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Harvey Hadland–a Brooklynite– and Bob Mackreath–a Long Islander–created the definitive site on fish tugs here . . . and Bob currently carries on Harvey’s legacy.  Next time I get up to Lake Superior, I must visit Bayfield and linger in the Apostle Islands, as the trip recorded here came with too many time constraints.

One part of the fish tug site discusses their evolution, here.  If you have Facebook, watch fish tugs break ice in pairs here.  Actually type “fish tugs” into YouTube, and you might get this.  Click here for my previous contributions to the topic.

I organize this starting from oldest and known, at least to me. Of course, many of you know more.  Here’s what Hadland/Mackreth say about Margaret below:  “Built by Peterson Boat Works in 1934, for Joe Schmidt, Algoma, Wis. The 45 ft. x 12 ft. wood hulled vessel was equipped with a Kahlenberg oil engine (size not known), installed at Algoma, and taken from another boat. Schmidt later sold her to Ed Zastrow, Algoma. Again sold to owners in Door County the boat was last operated out of Baileys Harbor, A severe storm in January 1975 resulted in heavy damage to the boat while at a dock at Baileys Harbor. Since that time the boat has been used as a centerpiece in several museum displays.”  Yup, Algoma WI is where I saw it,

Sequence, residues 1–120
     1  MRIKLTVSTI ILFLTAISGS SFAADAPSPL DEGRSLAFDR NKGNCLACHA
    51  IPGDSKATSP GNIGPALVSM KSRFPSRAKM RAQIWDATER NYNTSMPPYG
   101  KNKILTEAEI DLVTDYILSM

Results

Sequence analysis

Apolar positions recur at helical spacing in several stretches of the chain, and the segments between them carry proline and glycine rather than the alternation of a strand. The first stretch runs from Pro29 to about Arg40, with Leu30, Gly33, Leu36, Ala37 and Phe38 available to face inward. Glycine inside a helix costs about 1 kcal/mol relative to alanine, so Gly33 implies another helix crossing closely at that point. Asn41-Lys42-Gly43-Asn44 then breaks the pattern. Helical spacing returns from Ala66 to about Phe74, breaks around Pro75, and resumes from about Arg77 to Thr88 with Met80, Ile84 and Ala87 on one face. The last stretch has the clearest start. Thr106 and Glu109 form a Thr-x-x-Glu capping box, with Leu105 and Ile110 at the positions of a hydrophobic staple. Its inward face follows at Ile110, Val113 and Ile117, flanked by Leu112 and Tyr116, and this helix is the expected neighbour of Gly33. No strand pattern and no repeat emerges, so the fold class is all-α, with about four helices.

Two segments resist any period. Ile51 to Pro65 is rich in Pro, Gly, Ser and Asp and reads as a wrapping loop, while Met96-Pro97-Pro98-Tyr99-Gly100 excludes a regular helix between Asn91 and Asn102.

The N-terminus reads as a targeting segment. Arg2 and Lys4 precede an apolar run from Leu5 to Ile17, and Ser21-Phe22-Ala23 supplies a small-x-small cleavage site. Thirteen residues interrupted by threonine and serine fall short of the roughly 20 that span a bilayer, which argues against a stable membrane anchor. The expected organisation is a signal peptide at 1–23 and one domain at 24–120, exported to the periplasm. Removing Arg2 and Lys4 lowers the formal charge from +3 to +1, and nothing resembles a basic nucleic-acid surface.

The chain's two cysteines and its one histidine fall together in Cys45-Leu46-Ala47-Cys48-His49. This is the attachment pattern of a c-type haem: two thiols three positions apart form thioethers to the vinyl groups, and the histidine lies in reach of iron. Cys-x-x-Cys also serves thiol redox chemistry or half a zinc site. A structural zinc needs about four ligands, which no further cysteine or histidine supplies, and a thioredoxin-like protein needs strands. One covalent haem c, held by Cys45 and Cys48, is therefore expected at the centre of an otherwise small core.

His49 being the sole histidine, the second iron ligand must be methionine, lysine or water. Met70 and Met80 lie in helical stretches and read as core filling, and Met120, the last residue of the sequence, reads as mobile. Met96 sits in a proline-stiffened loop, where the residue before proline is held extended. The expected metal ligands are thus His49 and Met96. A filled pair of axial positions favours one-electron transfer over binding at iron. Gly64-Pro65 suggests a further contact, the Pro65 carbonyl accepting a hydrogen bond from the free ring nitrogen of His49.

along with what might have been a museum . . .

 

but when I walked around town, I found it again . . . on a mural.  To me, this says people in this town want this stories of this boat remembered.  It’s been years since I moseyed along the Michigan side, but Fishtown might be a place where remembrance of heritage fishing is even more elaborate.

Islander (1936) lives on as an on-terrafirma display in Sheboygan.  I was pressed for time when I arrived here, so I got no close-ups. For some Seger family accounts of Islander–even some poetry with the word Kahlenberg used–click here.

Oliver H. Smith, built right in Kewaunee WI,  where I saw it, dates from 1944 and appears to be still fishing.  I sought out Lake fish for meals on this trip and had great whitefish, walleye, and perch.

Nels J (1956?) is hoping to reopen in Duluth’s Canal Park, but as of late June, I couldn’t sample any of the wares . . .